A tale of two markets
The first half of 2023 is officially in the books, and what a remarkable start to the year it has been. The Nasdaq experienced its best start to the year since the early 80s, surging 32% in the first 6 months of 2023. The S&P 500’s move felt a little muted compared to the Nasdaq’s blistering pace, though it too was up 16%. Despite the large moves in major indices, it really has been a tale of two markets.
The impressive return year-to-date has been spurred on by just a few names and underlying trends. Technology and AI related stocks have experienced quite a boom, while the rest of the market has been left behind. This year’s market leaders, dubbed “The Magnificent Seven” (which consists of Apple, Amazon, Alphabet, Meta, Microsoft, Nvidia, and Tesla), account for more than 80% of the Nasdaq Composite’s total gain in market cap through the first 6 months.
So, if one were to look only at the headline numbers, they would see a tech-centric market that was up 30+% and a broader average that was up more than 16%. Not a bad start to the year according to those numbers. Except it doesn’t tell the full story. The average stock is having a much tougher year than the members of the Magnificent Seven. The S&P 500 equal weighted index, which can be a better indicator for the “average” stock, was up less than 6% in the first half.
The disparity in returns is even more obvious when looking at a style box. Growth has performed better than value, and larger stocks have performed better than smaller stocks. Last year was nearly the exact opposite. The size of the company was less important, but the tilt between growth versus value was vital for investors. 2022 punished growth stocks as interest rates soared. This year’s market has been more like the post-COVID market that was hyper-focused on growth related names.
We noted in January that it wouldn’t be surprising to see a strong bounce back in 2023 given the terrible sentiment towards the end of 2022 – which is more or less exactly how the market has played out so far. Last year’s worst performing stocks are among this year’s leaders. Last year’s worst performing pocket in the market (large cap growth) is clearly this year’s best. So, the positive performance in the first half of the year is not totally surprising.
Stocks have also received a helping hand from the cooling of inflation. The price of goods has continued to rise, but the rise is at a slower and slower pace. This in turn has led to a hope for investors that the cooldown in inflation would be met with a relenting Federal Reserve. The Fed, which has had two feet on the brakes for the better part of 15 months as they raised interest rates again and again, is finally showing signs of easing up. Between the less hawkish Federal Reserve and the slowdown in inflation, longer-dated interest rates have largely stopped rising. According to FactSet, the 10-year U.S. Treasury was yielding 3.88% at the end of 2022. At the end of June, the yield was 3.81%. Generally, as yields fall, large cap growth stocks will benefit. This year, large cap growth stocks haven’t even needed yields to fall. They’ve just needed a break in the non-stop rise that was 2022.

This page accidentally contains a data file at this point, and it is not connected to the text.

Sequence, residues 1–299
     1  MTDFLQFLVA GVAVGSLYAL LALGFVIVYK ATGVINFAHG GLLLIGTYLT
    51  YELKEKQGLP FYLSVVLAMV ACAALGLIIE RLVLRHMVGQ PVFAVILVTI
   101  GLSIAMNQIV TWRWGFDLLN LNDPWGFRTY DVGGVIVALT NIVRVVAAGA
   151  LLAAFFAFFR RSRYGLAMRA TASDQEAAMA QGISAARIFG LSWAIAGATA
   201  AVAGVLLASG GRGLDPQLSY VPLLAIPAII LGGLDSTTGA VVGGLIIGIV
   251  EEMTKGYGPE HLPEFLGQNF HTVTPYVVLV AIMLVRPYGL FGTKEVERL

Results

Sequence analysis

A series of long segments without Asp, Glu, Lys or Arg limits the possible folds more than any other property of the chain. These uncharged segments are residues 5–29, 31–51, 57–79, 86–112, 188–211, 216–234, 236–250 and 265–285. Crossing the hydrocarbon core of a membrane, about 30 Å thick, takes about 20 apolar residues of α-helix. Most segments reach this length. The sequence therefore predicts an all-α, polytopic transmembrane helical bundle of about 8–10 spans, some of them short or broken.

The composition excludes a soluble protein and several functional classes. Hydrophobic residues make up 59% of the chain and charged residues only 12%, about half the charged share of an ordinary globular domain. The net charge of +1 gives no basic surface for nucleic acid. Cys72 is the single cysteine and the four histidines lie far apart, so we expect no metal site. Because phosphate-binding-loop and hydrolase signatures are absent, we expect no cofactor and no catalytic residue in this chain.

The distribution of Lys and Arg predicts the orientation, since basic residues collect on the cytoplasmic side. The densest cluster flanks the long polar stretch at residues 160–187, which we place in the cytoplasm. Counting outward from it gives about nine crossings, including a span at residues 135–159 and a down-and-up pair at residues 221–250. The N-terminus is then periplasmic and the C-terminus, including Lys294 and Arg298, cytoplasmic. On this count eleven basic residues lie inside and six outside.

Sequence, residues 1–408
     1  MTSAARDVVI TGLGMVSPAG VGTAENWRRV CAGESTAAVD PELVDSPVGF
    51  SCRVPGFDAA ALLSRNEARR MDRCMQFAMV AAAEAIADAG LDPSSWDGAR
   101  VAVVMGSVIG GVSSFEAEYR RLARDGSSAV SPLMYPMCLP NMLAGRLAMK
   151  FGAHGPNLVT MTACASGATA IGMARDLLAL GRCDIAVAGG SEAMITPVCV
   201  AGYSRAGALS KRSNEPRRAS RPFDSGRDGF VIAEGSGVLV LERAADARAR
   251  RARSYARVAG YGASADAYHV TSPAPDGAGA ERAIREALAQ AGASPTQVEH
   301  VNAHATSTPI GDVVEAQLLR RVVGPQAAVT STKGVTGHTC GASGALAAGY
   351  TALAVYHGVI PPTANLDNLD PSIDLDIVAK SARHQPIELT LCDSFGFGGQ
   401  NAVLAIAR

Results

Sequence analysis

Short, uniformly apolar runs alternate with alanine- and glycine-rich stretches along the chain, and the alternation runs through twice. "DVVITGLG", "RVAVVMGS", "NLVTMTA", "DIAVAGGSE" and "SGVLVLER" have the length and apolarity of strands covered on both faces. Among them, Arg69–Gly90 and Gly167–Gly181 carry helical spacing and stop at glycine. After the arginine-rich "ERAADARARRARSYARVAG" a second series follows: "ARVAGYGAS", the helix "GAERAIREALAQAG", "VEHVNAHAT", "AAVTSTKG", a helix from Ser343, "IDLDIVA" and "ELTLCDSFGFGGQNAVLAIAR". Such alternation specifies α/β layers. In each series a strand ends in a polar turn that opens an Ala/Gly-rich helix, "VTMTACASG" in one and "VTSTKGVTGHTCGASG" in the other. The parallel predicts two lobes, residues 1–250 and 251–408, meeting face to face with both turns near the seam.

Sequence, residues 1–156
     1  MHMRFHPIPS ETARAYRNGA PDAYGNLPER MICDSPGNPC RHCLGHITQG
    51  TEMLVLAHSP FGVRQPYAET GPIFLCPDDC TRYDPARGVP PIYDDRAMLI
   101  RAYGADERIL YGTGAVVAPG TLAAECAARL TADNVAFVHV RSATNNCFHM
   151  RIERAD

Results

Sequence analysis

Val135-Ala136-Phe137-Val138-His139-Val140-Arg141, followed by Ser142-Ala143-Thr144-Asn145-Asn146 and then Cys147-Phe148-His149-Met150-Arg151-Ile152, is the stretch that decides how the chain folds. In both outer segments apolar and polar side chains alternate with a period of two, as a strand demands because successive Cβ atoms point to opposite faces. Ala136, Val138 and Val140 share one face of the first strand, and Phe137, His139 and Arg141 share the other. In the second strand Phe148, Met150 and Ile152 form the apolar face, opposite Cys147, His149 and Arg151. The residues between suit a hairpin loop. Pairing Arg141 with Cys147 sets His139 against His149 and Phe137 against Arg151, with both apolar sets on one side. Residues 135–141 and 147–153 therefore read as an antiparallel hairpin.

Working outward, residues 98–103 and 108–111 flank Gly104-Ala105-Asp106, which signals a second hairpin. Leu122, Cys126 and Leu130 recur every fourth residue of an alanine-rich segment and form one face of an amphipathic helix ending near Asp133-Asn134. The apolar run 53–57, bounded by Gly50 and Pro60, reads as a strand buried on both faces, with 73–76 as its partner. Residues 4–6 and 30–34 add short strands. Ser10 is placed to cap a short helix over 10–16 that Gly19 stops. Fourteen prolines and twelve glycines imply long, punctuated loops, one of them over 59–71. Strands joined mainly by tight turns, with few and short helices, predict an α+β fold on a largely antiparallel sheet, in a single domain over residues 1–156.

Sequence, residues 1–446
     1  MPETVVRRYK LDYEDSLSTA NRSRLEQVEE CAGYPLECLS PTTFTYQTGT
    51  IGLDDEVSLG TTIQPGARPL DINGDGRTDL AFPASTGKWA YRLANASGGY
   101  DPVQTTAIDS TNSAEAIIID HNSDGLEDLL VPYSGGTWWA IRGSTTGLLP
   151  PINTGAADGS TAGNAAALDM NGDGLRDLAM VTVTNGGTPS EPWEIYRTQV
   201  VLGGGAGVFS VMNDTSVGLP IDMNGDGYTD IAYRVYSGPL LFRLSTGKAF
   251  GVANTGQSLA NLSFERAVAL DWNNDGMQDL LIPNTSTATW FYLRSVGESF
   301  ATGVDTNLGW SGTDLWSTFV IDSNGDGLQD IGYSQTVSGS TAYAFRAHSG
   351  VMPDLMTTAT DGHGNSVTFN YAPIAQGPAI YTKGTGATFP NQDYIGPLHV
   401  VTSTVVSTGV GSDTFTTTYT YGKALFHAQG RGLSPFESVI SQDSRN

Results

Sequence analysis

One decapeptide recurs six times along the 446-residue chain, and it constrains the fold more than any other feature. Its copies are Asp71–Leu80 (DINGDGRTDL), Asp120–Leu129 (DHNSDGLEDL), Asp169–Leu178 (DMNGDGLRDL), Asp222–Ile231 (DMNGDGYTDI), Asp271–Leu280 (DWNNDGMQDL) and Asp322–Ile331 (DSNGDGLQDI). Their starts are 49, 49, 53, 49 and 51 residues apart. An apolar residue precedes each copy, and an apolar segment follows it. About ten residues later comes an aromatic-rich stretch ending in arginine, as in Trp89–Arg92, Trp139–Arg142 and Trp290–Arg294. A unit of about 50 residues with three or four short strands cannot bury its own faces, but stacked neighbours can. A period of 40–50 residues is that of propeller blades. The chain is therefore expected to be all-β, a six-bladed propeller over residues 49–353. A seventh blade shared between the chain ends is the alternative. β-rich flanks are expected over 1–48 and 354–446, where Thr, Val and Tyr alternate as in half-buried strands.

Looking forward, it would seem that we are reaching an inflection point of sorts where one of two outcomes seem most likely. The “average” stock could begin to participate more to the upside, closing the gap between the rest of the market and the Magnificent Seven. This would be ideal and more indicative of a healthy bull market. Or, the Magnificent Seven could catch up to the rest of the market by means of retreating. This would likely lead to a more volatile market than that which we saw in the second quarter. The answer will likely depend on the direction of the economy – specifically the labor market. The market has traded like there will be no recession. However, there have been a few companies and a few trends that have indicated that not all is well under the hood. Ultimately, only time will tell the direction in which we are headed.
Aim small, miss small
In the movie The Patriot, Mel Gibson stars as a father trying desperately to keep his family untouched by the Revolutionary War taking place all around them in South Carolina. To his dismay, his eldest son, played by Heath Ledger, joins the Continental Army and is subsequently captured by the British. In an attempt to rescue his captured son, the father and two of his younger boys ambush the British captors. The young boys have never fired a gun at a person before and were concerned they might not be able to hit their targets. To help them focus on the task at hand, Gibson’s character instructs the boys to “aim small, miss small”. This advice, along with the boys’ shots, proved to be spot on.
Sometimes it is difficult to make sense of the big picture. Emotion, perception, and opinion can impair judgment. We know what we think, but that doesn’t always translate readily into how we should act.
As investors, we are bombarded daily by events or circumstances that could have a very real effect on our investments. We read about the markets on social media, or follow minute-to-minute on CNBC, Fox Business or Bloomberg. There are countless talking heads expressing opinions ranging from brilliant to boneheaded, but how are we to know which is which?